Thursday, August 21, 2014

Review: Into the Darkest Corner by Elizabeth Haynes

Title: Into the Darkest Corner

Author: Elizabeth Haynes

Rating: 4 Stars

I remember looking up from this novel, expecting it to be around 11:30 in the night and finding it was pushing past 1 AM. Like the bibliophile I am, though, I told myself I'd just finish the chapter I was reading but it was 2:40 when my traitorous eyes, struggling to stay awake, forced me to close the book and drag myself to bed, only barely remembering to shut the lights off.

I don't read too many thriller/horror novels. I relish the creeping sense of suspense, the hint of dramatic flair, and the embroiled emotions involved with such stories but, seeing as horror movies keep me anxiously awake late into the night, I often convince myself such books will do the same.

Into the Darkest Corner, however, is the perfect blend of thriller, horror, and contemporary fiction--all just with a hint of romance. Make no mistake, Haynes's novel is a dark one. Within these pages you will find graphic and gruesome detailing of an abusive relationship, domestic violence, and rape. Yet, it is an impeccably written and thought-provoking account of the type of day-to-day horrors people experience--and we often want to forget. Into the Darkest Corner is told in alternating timelines of 2004 and 2008. In 2004 Catherine Bailey went to a bar in a red silk dress and began an intense relationship with a man she met there, Lee. In 2008 Cathy Bailey lives alone in an apartment, aloof from her co-workers and neighbors, frantically checking and re-checking her locks for fear of her ex-boyfriend, currently in jail.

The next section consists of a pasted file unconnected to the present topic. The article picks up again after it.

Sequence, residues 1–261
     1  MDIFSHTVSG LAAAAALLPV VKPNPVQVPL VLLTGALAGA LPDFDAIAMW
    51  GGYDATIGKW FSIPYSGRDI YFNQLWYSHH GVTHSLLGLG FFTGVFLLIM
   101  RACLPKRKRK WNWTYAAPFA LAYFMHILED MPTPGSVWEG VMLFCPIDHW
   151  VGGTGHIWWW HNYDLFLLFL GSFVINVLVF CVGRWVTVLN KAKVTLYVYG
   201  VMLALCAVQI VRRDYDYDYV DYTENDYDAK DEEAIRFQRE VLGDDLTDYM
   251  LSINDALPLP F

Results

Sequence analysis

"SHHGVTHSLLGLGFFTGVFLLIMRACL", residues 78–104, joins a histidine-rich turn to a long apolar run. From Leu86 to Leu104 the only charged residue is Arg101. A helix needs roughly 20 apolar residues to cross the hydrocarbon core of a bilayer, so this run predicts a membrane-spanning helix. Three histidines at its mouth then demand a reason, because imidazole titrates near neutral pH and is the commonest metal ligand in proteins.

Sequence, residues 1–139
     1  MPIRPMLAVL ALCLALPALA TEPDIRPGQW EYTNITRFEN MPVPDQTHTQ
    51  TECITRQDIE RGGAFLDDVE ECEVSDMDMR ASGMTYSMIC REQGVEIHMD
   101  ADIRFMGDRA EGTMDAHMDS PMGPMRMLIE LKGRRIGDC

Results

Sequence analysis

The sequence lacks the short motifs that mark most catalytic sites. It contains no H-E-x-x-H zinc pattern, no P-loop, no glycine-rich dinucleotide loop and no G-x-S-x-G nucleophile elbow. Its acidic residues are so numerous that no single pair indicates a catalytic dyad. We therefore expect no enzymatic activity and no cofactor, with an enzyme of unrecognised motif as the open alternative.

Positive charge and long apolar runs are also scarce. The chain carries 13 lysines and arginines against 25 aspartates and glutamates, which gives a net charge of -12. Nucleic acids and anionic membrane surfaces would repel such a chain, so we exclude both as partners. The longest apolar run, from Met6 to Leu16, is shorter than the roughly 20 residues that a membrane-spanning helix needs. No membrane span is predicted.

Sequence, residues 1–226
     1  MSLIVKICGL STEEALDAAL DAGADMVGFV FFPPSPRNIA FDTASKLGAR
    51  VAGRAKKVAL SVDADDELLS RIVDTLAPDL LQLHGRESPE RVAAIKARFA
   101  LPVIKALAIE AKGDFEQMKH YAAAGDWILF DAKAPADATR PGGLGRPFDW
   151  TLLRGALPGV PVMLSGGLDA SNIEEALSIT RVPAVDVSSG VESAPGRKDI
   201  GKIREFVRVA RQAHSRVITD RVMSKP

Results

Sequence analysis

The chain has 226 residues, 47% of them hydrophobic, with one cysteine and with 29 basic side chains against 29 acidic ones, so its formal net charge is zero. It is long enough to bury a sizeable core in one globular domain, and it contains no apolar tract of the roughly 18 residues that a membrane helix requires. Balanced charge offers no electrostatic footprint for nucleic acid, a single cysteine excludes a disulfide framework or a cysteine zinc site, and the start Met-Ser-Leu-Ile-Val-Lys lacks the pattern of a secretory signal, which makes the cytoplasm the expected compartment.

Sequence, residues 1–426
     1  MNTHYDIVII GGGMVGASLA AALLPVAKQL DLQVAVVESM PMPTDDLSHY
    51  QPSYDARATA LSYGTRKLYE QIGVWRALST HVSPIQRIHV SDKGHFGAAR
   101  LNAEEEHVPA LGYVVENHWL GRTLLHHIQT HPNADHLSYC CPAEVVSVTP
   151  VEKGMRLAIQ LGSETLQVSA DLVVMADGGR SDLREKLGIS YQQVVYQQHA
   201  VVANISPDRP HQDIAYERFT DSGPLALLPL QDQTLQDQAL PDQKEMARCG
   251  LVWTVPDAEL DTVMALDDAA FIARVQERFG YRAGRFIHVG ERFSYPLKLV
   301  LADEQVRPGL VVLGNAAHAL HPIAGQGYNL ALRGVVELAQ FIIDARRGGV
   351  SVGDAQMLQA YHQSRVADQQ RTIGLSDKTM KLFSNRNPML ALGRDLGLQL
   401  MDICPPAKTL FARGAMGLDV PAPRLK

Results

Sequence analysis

With every chapter alternating between Catherine and Cathy, it is impossible not to become utterly sucked into this tale. Catherine is young, friendly, flirtatious, and sexy; she drinks into the night, she finds different men to take home every week, and she discards her loneliness in a sea of friends. When she meets Lee--handsome, intelligent, caring--at first neither she nor her friends can believe her luck. While Lee keeps odd work hours and often dodges career-related questions, their relationship is stellar in every other regard--particularly in bed. Yet, week by week, month by month, Catherine begins to realize that her perfect relationship is not quite as it seems. Lee isn't so much besotted with her as he is obsessed with her, eager to control every aspect of her life from who she meets to when and where she meets them.